Other things to research were the availability of suitable materials. There weren’t many motors around from retail suppliers that fit the set Kids’ Basics criteria of running on AA batteries or a 9V battery, so the choice was made for us there. The same goes for construction materials: Cardboard was the first thing that came to mind, and it fit the criteria of available, cheap, and workable.
All of this means that the design process steps of brainstorming, choosing, and refining ideas were already done for us. They still happened, but they were shaped and led by the research results. This was because of the simplicity of the task and criteria, and wouldn’t normally happen. It did mean that we could jump straight to prototyping. The research had shown that the leg should be drawn inside a circle, so that the correct rotation is achieved. After we had done this, we drew an appropriately-sized body, and cut out the pieces.
Our prototype was going to run on a 9V battery, but this proved too fast. When we tried to fit 4xAA batteries in, we found we needed the side-by-side, end-to-end arrangement. This highlights the value of prototyping. We also discovered that we needed the cardboard spacers you see in the assembly steps, but our original model was much thinner and had a different motor glued straight to the body. Prototyping also showed us that we needed tie wire or similar to mount the tail and front wheel. This is a hardware store item and should be accessible to everyone, but we still analysed the choice against our criteria before we glued anything into the model.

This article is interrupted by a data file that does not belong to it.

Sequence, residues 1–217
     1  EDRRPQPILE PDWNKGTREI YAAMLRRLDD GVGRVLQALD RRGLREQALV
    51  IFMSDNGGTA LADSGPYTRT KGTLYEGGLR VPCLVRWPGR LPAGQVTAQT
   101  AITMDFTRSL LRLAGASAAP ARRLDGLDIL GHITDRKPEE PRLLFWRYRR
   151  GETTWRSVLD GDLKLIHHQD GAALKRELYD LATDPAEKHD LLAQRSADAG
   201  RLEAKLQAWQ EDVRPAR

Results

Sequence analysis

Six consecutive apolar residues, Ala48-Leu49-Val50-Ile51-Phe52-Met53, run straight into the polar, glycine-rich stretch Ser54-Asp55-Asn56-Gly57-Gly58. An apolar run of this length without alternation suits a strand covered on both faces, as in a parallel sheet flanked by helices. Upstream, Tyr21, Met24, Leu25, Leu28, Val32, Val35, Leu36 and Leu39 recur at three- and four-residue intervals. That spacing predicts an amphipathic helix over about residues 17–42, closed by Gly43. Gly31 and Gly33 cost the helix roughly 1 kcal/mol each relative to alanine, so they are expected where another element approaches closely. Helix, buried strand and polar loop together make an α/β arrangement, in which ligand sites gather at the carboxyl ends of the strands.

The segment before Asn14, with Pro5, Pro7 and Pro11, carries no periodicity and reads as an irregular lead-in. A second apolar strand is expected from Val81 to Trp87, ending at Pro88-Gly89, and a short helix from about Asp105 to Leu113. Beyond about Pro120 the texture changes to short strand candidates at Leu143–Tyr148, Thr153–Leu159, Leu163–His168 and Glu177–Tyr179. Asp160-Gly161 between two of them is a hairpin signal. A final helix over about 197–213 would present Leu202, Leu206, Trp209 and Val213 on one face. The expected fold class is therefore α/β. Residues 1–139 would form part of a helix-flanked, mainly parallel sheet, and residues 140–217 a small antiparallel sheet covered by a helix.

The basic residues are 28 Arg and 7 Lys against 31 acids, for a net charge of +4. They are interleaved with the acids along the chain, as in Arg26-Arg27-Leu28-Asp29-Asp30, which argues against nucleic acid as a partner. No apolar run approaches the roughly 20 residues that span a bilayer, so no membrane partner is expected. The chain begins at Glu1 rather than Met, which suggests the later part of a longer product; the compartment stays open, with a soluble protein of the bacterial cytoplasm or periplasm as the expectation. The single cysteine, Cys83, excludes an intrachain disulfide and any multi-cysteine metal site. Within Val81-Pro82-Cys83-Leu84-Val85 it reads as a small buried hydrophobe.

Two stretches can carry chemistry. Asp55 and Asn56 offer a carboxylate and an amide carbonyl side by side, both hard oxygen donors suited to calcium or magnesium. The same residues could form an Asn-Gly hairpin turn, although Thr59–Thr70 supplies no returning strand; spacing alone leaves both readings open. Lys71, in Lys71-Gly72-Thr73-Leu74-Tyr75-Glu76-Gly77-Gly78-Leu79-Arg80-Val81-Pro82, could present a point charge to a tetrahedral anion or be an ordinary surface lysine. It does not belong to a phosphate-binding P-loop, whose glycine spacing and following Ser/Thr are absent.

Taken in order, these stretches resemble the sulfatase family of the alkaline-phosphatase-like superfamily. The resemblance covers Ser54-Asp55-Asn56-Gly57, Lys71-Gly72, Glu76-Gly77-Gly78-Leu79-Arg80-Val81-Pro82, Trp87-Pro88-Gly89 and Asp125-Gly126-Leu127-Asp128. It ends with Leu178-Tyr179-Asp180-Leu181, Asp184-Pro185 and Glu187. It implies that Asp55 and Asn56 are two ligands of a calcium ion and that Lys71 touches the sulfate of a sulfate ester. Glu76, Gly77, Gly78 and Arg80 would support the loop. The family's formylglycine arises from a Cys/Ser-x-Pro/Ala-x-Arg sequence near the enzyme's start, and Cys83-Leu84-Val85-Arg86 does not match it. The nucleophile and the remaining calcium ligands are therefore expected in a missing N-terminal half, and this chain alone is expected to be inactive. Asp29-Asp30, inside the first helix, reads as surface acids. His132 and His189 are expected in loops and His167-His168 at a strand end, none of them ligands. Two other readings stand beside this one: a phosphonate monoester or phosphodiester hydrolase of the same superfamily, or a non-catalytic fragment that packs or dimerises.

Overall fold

Having revisited earlier steps of the design process multiple times during our prototyping stage, we were pretty happy with the results. That is, until we applied power. The Bilby promptly fell over, not something a real Bilby does very often. When we took a closer look, other things weren’t quite right either. We found that the tail, which had the wire pass straight through it, flopped sideways. The whole model was too tall and top heavy.